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Thank you for bringing such an important subject to light in “Hiding in Plain Sight” (6/16) by Stephanie Mencimer. The Capital Area Food Bank is constantly working to dispel public misconceptions of hunger and malnutrition. Three hundred thirty thousand Washingtonians—one in three area children—are hungry or at risk of hunger. Many more, like the families in your article, are faced with little or no access to fresh produce or even a local grocery store, something suburbanites and car owners take for granted.
Addressing the critical problem that “[s]ome D.C. neighborhoods don’t even have supermarkets, much less a decent, affordable supply of fresh produce,” the food bank’s From the Ground Up program sponsors the Anacostia Farmers Market every Friday during the growing season, in partnership with Union Temple Baptist Church and the Chesapeake Bay Foundation. The market provides the surrounding Southeast Washington community with affordable produce from local farmers, cooking demonstrations, and nutrition information, and accepts EBT/food stamps and WIC coupons.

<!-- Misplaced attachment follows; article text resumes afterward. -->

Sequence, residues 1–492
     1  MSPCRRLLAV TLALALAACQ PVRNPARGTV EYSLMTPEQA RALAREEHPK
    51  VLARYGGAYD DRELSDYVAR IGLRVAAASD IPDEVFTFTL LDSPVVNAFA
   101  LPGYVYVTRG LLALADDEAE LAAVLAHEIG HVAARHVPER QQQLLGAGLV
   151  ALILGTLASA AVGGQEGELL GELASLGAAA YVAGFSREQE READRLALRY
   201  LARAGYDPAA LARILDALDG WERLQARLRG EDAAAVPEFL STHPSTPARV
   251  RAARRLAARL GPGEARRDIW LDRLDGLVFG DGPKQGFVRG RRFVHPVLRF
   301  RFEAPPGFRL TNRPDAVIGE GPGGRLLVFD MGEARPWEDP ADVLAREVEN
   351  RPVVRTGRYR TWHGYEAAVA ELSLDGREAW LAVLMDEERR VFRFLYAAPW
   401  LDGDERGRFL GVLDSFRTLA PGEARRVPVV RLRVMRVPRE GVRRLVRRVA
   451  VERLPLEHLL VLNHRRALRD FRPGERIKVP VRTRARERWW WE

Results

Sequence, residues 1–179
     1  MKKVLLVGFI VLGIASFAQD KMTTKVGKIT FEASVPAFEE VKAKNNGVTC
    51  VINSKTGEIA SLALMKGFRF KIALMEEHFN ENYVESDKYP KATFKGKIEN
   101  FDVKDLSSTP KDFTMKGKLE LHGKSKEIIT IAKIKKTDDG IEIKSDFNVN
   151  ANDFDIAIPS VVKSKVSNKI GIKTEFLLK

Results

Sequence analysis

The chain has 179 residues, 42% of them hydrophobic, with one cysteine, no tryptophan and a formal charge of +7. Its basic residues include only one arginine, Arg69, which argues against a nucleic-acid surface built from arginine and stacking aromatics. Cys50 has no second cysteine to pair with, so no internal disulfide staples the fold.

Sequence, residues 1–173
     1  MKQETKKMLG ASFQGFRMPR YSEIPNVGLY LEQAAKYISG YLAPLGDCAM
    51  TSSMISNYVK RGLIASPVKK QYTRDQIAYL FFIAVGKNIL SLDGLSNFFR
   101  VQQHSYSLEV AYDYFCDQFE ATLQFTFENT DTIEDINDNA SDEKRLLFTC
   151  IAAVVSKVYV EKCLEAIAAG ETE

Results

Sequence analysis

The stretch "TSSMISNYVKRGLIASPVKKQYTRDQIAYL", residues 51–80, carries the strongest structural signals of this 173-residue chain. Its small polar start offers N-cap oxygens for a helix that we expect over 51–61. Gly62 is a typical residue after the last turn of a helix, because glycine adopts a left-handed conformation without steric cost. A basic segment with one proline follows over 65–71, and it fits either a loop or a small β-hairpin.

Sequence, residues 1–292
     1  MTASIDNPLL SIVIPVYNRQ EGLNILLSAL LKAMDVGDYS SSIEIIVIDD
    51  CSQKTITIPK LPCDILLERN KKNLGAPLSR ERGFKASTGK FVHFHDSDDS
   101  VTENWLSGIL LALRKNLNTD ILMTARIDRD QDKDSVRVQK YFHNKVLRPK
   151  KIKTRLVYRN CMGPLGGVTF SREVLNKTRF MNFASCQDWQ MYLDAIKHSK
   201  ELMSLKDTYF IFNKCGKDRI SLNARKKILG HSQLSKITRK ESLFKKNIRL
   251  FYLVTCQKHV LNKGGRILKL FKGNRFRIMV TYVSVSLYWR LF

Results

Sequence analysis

Second, with support from Share Our Strength, the food bank runs Operation Frontline cooking and nutrition classes for low-income residents, taught by volunteer chefs from area restaurants. Participants include children cooking alongside their parents, adults, teenage moms, and students, and all are enthusiastic and leave the classes with a sense of self-reliance. Many in such underserved communities are anxious to learn about healthy eating, but there is an appalling lack of knowledge as to how to budget and cook nutritiously—largely due to the severe decline in the amount of healthy, affordable food available to them.
The children in your article are not obese by choice. They often have no other options with regard to medical care, nutrition, and food—not at school, at home, or in their neighborhoods. We must make a commitment as a city and a society to ensure that everyone has equal access to healthy food and nutrition information.
Capital Area Food Bank